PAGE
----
IN SAFE HANDS
ACENTURY ago staff at the Mines Rescue Service (MRS) were tasked with saving the lives of workers caught up in emergencies down the pits. Now they give people working in dangerous, confined spaces crucial health and safety advice and training.
Based in Dinas in the Rhondda, the MRS prides itself on representing the resilience and ability of the Welsh to adapt.
It was opened in 1912 by King George and Queen Mary as MRS Training and Rescue.
“The team there had a job to respond to emergencies in the coal mining industry in the early part of the 20th century.
“One of the very first incidents the mines rescue workers had to attend was the explosion at Senghenydd which killed 439 miners in 1913,” said MRS marketing manager Julie Wilson.
She said in those days the centre worked in a similar way to a modern-day fire station and was one of many in Wales, with others in Crumlin and Swansea.
There would be 24-hour coverage on site and a five-man rescue team available for emergencies, with their purpose-built vehicles with equipment.
The format and workings of the centre remained similar right up until the 1990s, when the deep coal mines began to rapidly close and the British Coal Corporation was privatised.
Julie said that while some centres have closed in the past two decades, Dinas remained open as MRS changed in an attempt to meet the needs of modern-day health and safety.
It is now one of six similar centres across the UK that were all previously used for rescuing miners.
She added: “There were fewer and fewer f mining i ing disasters and requirements because there were fewer mines.
“It was about looking at diversification and staying alive.”
Now, while it still provides rescue cover for modern-day open-pit mines, the company uses its expertise and has branched out from underground mining.
It provides a range of health and safetyrelated products and services to a wide range of industries including nuclear, aerospace, manufacturing and utilities, training more than 1,700 people every year.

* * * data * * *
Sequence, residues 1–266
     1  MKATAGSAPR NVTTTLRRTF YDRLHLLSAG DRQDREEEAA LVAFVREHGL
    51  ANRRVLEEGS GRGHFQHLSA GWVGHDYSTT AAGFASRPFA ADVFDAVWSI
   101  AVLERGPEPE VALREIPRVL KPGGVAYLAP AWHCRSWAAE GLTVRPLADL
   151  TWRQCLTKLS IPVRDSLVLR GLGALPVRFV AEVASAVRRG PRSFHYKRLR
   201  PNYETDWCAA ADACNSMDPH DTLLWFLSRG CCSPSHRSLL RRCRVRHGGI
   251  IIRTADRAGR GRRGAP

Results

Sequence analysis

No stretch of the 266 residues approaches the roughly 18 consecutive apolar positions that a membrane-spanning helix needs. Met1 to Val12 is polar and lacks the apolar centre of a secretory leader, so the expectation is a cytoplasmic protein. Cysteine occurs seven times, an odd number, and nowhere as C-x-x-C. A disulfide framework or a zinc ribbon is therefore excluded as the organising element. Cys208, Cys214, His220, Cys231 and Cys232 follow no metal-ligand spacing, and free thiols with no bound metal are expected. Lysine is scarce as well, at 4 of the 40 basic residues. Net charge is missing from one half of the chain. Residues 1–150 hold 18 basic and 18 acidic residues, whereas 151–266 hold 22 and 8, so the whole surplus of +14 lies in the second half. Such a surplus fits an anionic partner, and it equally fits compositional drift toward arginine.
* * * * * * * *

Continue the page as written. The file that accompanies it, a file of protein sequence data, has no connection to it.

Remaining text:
“People thought it would have closed when the mines closed but that’s not the case,” Julie said.
“Welsh resilience has come through and it’s meant the rescue station has remained.”
The skills of the 19 members of staff, who have experience rescuing people from mining disasters, are still put to good use in a range of ways.
Julie said there are still a number of fatalities every year of people working in confined spaces.
She said: “Recently a man who was cleaning a slurry pit slipped and fell in in. He was overcome by an atmosphere high in carbon dioxide and low in oxygen. Two guys working with him tried to rescue him but they ended up dying too and it was all because they didn’t have the correct equipment.
“If they had had environment monitors with them they would have known there was no way of surviving if they had gone into the pit.
“Another example is when power stations have an outage, when they shut the equipment down in order to do maintenance. That’s also high-risk, as they are taking something into that space like welding equipment and making it even more dangerous.”
She said people in the Rhondda seldom knew the MRS building’s purpose.
“A lot of people have no idea what goes on in these places. It has been there since 1912 but has not really changed its outward appearances over that time.
“A lot of people think it’s a museum or a shop, but it’s a very active training centre and certainly not a museum.”